To put it as simply as I can, the term “separate spheres” embraces the idea that men and women each have a very specific “place” in the world. I use the word “place” here a bit ironically, because confinement in the physical, emotional, and spiritual sense has been one of the greatest battles women have had to fight against socially, politically and psychologically. In the 19th century, philosophers, religious leaders, and intellectuals believed men were born for the public sphere (which included politics, business, and law) and women for the private sphere (home, family, and community). In other words, men’s purpose in life was to go out and make money, make laws, and run the country, and women’s purpose was to take care of the home, have and raise the children, and participate in community events. This is a very simplified vision, of course, but it gives you an idea of how the spaces which men and women could occupy according to this ideology were limited.

What’s interesting when we look at the separate spheres more closely is not only do they define what women (and men) could do but what they couldn’t. Women were expected to stay out of medicine, for example, because they “did not belong there”. Similarly, the idea of a stay-at-home dad was inconceivable in this ideology since the home was the domain of women. Of course, each was allowed to reap the rewards of the other sphere. For women, this meant financial support, for men, it meant a comfortable home and loving family.

What is most relevant about the separate spheres when it comes to my fiction is not so much the physical spaces it represents but the psychological ones. In the mid-19th century, the world of business, politics, and industry were developing at a rapid pace. Because of this, jobs were opening up in the cities and people flocked to them, leaving behind the slower, simpler life they had had in the country. At the same time, in the minds of many people, industry was a big bad monster (hence Frank Norris’ allegory of the octopus to illustrate the brutality of the railroad industry in his book The Octopus) capable of luring people, especially the young, into greed and sin, soiling their minds, souls, and bodies.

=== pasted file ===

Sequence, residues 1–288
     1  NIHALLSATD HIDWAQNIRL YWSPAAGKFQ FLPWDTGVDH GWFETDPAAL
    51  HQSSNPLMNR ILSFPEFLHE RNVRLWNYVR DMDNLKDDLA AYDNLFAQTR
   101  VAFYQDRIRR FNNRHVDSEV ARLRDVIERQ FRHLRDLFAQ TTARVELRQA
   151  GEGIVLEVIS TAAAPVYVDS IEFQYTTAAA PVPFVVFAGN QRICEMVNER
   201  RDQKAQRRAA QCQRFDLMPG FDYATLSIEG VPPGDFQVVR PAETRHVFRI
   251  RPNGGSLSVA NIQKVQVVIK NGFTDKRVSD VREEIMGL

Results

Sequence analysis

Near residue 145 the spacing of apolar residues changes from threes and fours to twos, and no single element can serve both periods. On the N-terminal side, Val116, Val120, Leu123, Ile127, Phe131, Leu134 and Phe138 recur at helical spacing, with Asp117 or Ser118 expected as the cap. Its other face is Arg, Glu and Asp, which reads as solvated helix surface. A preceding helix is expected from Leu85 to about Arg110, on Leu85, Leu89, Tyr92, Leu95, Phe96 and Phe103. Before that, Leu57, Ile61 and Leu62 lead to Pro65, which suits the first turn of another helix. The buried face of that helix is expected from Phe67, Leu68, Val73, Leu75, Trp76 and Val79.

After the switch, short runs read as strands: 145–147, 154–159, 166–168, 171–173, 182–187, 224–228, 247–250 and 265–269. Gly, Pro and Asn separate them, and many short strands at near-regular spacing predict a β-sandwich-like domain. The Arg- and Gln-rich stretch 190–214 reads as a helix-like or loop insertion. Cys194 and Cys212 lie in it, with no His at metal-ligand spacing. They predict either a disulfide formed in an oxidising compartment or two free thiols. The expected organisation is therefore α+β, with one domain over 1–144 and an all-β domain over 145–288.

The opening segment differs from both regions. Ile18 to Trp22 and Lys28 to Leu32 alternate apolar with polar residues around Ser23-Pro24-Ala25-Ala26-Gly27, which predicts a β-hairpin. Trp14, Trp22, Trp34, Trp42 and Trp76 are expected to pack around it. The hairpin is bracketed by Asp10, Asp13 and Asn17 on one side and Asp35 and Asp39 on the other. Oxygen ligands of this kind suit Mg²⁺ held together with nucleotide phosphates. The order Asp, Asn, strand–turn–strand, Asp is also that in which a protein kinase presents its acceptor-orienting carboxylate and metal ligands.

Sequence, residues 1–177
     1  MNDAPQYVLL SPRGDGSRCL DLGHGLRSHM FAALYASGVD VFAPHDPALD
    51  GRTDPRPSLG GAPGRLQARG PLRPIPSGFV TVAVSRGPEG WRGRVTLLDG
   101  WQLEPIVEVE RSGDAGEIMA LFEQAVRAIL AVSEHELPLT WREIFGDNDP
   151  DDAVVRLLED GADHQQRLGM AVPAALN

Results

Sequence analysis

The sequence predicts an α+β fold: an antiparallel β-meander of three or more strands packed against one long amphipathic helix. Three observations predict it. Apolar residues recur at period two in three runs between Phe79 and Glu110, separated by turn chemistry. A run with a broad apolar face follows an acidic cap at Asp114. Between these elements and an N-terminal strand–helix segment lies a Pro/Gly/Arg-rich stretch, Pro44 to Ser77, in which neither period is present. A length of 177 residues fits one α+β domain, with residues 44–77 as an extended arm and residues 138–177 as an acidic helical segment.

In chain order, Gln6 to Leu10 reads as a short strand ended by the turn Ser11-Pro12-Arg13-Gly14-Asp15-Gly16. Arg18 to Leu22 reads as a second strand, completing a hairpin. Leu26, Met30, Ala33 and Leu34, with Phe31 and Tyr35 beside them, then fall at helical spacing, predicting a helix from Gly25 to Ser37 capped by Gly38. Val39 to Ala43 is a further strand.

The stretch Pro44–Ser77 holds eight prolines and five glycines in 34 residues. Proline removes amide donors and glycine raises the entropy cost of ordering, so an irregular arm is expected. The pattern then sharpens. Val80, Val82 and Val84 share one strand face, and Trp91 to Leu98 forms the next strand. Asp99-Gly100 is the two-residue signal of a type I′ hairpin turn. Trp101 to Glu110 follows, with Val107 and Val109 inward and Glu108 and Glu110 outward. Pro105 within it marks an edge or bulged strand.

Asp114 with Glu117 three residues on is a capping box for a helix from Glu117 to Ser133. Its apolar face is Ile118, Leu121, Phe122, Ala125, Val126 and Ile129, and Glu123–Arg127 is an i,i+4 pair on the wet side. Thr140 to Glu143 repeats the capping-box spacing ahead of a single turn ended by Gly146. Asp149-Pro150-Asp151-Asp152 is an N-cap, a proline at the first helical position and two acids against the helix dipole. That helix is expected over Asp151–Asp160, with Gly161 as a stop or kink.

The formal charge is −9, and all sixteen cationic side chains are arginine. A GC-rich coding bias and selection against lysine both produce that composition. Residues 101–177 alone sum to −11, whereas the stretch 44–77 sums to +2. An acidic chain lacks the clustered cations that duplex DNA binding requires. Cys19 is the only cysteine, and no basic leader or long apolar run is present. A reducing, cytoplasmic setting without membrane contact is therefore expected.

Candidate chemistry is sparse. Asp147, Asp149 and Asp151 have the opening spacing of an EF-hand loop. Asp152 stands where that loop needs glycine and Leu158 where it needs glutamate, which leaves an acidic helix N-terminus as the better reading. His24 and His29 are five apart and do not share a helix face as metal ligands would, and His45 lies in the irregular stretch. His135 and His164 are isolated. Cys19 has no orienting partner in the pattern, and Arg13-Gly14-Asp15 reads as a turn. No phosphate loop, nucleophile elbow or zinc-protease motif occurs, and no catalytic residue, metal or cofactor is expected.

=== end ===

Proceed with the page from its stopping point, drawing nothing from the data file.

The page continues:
In this atmosphere of dirty business and dirty politics, the home became an idealized symbol of purity, comfort and refuge (which is one reason why Victorian homes were so ornate and overstuffed). And who better to take care of it than pure, unsoiled women? They were the “angels in the house”, the eyelash-fluttering sweethearts who spent their days cleaning, cooking, shopping, attending children, and, for some, engaging in religious and charitable work. This ideal of the angel in the house had always existed, but it took on a more important role in the minds and hearts of people living in the nineteenth century. Many saw the divide of the spheres so distinctly they couldn’t fathom allowing women into the arena of politics, business, and law, all notoriously corrupt and dirty at that time. Women had to be protected and, even more, they were the protectors of the morals and values of men. Is it any wonder that author Virginia Woolf once wrote that for a woman to get any significant work done, she had to kill the angel in the house?

The ideal of the angel in the house actually derived from a poem written in 1854 by poet Coventry Patmore and the model for this ideal was Patmore’s wife, pictured above.

Photo Credit: Portrait of Mrs. Coventry Patmore, John Everett Millais, 1851, oil on panel, The Fitzwilliam Museum, Cambridge: PKM/Wikimedia Commons/PD Art (PD old 100)

The description above might sound like a gross stereotype, but it illustrates the whole idea behind the separate spheres. It was, after all an ideology – the way people wished things would be or believed they were supposed to be. In Book 1 of my Waxwood Series, The Specter, the image Patmore’s angel in the house becomes the defining characteristic of the public persona of Penelope Alderdice, Vivian’s grandmother. It is, in fact, such a domineering archetype that her gravestone is carved with a verse from Patmore’s poem. In the book, part of Vivian’s journey leads her to pick apart this persona to reach a deeper understanding of who her grandmother really was and, in doing so, understand her own future. 

The problem with the angel in the house and the separate spheres was that they created a model of womanhood most women found impossible to live up to, not to mention greatly unsatisfying (think: 19th century version of Betty Friedan’s “The Problem With No Name”). A great example of this comes from Natalie Dykstra’s book Clover Adams: A Gilded and Heartbreaking Life. Dykstra describes historian Henry Adams’ mother in typical “angel in the house” terms: 

“Mrs. Adams, lively but pampered, had been a social ornament when young. What had charmed her wealthy father… had also captivated her husband — her buoyancy, her love of conversation, her open affection.” (location 949). 

However, as with many women, Mrs. Adams’ role as the angel in the house proved anything but satisfying:

“[F]ollowing marriage and the birth of seven children within fifteen years… Mrs. Adams found little to engage her beyond her family. Simmering unhappiness had become tightly braided with chronic physical debility — crushing headaches, sleeplessness, and constant noises in her ears.” (Dykstra, location 949).